Child development describes the physical, cognitive, emotional, and social growth of the child from birth to adolescence (some definitions include the prenatal period). The field of child development is part of a larger discipline known as developmental psychology (or human development in its interdisciplinary form), which is concerned with identifying and understanding systematic changes in the individual across the lifespan. Interest in child development stems from many disciplines—biology, psychology, sociology, education, medicine, and so forth. However, psychologists have played a predominant role in research and applied work in the area of child development.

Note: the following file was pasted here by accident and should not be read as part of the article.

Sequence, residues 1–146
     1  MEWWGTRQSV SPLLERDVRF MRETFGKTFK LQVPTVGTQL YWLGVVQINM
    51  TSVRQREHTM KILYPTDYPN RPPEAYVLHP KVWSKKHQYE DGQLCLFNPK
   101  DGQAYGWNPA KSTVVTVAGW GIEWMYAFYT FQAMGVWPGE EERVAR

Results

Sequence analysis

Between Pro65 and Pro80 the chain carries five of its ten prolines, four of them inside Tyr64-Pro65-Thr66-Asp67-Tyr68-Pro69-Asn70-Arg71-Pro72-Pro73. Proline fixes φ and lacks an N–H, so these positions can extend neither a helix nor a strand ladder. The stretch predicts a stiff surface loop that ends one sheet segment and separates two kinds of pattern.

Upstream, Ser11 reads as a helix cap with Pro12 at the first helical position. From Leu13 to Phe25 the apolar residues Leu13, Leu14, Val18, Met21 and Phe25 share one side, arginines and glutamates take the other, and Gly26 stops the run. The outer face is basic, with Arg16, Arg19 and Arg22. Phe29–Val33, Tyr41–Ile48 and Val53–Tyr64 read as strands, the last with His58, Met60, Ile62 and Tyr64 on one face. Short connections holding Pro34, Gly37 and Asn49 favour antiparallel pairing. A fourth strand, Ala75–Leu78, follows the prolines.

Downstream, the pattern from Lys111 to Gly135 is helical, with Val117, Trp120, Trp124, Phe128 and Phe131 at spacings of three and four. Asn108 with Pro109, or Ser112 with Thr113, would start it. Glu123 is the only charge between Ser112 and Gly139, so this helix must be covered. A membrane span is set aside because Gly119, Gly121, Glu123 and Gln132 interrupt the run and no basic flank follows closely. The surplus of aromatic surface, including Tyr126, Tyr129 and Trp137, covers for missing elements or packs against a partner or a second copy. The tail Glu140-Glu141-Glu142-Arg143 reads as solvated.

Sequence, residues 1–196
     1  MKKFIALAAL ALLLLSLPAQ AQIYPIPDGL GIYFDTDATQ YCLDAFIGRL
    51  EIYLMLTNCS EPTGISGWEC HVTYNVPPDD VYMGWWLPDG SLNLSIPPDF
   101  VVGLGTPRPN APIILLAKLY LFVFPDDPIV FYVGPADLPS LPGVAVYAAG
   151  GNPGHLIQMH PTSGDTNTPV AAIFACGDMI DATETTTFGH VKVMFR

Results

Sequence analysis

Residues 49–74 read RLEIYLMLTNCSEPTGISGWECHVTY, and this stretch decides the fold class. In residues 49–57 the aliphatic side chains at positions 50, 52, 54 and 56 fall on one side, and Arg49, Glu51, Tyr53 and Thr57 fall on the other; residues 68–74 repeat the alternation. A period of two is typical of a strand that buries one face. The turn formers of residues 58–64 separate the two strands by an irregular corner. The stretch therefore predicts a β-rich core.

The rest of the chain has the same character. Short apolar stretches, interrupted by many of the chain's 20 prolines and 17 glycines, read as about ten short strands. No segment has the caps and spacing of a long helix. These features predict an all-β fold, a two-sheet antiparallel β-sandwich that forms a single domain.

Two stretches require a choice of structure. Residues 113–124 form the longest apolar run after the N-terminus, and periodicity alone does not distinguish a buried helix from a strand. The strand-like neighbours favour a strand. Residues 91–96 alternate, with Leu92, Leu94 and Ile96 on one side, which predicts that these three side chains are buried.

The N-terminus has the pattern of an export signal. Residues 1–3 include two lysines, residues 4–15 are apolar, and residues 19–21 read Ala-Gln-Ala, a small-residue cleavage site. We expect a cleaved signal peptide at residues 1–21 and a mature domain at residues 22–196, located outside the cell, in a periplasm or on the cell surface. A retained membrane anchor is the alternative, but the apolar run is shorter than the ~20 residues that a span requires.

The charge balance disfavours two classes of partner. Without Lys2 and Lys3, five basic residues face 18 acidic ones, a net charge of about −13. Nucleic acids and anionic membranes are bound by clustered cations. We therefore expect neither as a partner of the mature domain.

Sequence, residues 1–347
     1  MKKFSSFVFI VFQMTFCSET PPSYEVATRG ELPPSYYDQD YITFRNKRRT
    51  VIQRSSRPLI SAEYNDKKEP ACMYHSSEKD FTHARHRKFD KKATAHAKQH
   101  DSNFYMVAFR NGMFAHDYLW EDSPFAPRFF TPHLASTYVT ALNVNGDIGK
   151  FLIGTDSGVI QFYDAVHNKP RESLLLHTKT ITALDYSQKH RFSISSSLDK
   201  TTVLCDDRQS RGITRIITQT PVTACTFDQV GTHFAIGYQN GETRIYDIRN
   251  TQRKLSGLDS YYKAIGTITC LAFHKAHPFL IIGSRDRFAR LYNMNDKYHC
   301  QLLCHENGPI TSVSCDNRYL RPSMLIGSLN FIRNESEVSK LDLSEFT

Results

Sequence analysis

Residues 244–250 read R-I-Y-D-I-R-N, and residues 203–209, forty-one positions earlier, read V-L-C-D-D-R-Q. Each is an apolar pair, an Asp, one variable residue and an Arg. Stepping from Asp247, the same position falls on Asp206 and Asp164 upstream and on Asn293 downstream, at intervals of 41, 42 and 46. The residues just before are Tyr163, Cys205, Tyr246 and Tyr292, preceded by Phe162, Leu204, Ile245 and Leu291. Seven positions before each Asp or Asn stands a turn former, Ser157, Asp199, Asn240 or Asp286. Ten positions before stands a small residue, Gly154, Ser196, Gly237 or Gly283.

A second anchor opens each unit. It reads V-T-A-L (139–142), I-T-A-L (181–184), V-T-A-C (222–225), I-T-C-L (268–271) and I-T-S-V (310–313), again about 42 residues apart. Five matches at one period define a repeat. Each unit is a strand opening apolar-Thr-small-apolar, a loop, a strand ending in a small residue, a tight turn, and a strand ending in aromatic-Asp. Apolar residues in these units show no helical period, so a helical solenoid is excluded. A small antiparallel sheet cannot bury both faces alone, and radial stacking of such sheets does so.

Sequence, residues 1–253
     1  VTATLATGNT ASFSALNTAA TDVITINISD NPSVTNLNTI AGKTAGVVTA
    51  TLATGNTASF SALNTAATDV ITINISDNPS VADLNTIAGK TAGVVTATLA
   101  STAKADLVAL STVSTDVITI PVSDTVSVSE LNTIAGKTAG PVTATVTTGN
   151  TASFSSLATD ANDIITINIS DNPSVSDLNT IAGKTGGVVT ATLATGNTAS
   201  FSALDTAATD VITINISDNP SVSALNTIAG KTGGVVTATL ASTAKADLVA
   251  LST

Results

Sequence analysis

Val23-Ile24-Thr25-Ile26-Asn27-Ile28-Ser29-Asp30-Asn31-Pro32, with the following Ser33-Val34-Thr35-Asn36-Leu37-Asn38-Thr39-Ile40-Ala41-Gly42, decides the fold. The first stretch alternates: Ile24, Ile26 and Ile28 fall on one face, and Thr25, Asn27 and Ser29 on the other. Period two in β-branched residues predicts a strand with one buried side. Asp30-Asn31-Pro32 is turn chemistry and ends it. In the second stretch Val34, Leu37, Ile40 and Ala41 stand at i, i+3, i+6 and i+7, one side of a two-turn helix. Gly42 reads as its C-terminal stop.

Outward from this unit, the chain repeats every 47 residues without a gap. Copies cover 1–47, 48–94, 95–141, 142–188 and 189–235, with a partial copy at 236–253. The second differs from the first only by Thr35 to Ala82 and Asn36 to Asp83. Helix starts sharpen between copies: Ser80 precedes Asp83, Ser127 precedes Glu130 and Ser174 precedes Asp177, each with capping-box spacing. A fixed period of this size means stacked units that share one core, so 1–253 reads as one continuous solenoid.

Development is best described as a continual, cumulative, and holistic process. Changes in one aspect of development (e.g., language) have important implications for other aspects. While the average features of development proceed through a relatively regular, sequential process of change (normative development), there are individual variations (idiographic development).